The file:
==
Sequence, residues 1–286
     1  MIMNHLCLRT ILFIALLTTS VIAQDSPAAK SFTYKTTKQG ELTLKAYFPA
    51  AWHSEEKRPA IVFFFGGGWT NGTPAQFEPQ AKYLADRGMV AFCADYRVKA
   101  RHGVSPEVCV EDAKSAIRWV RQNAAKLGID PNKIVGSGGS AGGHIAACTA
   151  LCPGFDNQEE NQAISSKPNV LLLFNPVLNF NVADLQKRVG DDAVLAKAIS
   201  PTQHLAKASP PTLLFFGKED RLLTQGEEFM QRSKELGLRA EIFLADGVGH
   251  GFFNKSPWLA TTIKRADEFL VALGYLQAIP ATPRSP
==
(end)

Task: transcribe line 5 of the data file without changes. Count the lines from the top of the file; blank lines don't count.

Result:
   151  LCPGFDNQEE NQAISSKPNV LLLFNPVLNF NVADLQKRVG DDAVLAKAIS